Wimbledon stats.

I was interested in the impact that the two additional possible sets had on the length of matches in tennis for men. I wondered whether a greater proportion of women’s matches were won in two sets than were men’s matches won in three. So I did some analysis.

My analysis was of Wimbledon 2008 matches, Singles only, excluding matches in which a player retired, and the one in which Dulko beat Davenport who didn’t show due to injury. (Technically, this is apparently called a "walkover.") It excludes tomorrow’s Men’s Final, for obvious reasons, but includes Venus’ win today over Serena. Tie-breakers count for one game, irrespective of length.

Five is 67% higher than three. And the average men’s match lasted 66% 67% games longer than did the ladies’: 37.6 37.8 games for men compared to 22.6 for ladies. The average number of sets for men was 58% higher than that for ladies: 3.7 sets compared to 2.4. 64% of the ladies’ matches were done and dusted in two sets. 47% 46% of the men’s matches were over in three, a further 34% being wrapped up in four, 19% 20% in five.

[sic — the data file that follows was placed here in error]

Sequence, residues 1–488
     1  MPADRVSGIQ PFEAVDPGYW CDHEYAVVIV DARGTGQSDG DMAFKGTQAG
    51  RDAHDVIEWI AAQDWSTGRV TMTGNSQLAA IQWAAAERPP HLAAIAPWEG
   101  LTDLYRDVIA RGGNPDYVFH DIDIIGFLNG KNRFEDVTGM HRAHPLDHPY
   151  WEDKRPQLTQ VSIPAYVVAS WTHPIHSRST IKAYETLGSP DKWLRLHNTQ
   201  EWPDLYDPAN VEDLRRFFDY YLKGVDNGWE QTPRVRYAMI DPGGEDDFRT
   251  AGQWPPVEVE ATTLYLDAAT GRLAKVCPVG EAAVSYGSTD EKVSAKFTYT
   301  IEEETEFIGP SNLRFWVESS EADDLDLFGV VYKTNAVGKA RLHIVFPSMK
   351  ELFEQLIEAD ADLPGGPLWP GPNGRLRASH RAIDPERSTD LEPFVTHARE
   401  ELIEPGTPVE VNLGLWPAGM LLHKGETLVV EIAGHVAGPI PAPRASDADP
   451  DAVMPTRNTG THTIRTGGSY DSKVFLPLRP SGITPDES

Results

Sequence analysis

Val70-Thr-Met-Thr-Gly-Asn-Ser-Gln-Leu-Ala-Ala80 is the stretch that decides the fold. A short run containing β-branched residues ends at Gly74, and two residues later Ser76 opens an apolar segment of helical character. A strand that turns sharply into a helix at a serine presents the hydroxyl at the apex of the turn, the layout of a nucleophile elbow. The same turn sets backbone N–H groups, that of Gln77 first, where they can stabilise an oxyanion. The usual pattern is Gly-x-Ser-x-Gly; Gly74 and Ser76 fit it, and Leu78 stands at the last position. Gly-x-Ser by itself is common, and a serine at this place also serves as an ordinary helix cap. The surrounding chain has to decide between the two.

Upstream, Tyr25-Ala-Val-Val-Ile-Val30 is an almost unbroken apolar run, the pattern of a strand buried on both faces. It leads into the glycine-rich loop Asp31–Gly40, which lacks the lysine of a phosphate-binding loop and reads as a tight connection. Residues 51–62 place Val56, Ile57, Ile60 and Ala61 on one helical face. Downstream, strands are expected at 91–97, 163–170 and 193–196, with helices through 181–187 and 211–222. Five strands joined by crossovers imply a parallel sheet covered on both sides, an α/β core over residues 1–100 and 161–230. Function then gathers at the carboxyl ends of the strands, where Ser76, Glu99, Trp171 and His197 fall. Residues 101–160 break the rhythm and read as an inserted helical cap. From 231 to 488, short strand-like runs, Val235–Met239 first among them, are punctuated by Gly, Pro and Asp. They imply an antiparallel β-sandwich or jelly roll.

The fact that a fourth set adds only 33% to the length of the match for men, while a third for ladies adds 50%, reduces the percentage impact for men of games going longer than the minimum distance. But men can expect to play 24% 25% more sets than the minimum, while ladies can only expect to play 18% more.

As you’d expect, the average number of games per set goes up as the number of sets in the match increases. (After all, going further than the minimum distance suggests some evenness of the players’ performances.) 9.4 games in ladies’ two-setters rises to 9.9 in three-setters. For men, 9.8 games for three-setters rises to 10.2 for four-setters, and 10.4 10.5 for matches going the distance.

The longest men’s match was 62 games long, Ancic’s defeat of Verdasco, 3-6, 4-6, 6-3, 6-4, 13-11 (odd that the longest match had no tie-breaks). The ladies’ equivalent was 53 games long, Goerges’ win over Srebotnik 4-6, 7-6 (8-6), 16-14.

Thanks to Craig Hickman for posting the relevant data.

Update: tonight’s epic win by Nadal over Federer equalled the longest match of the tournament, at 62 games. Taking this match into account, I’ve updated the affected statistics accordingly.


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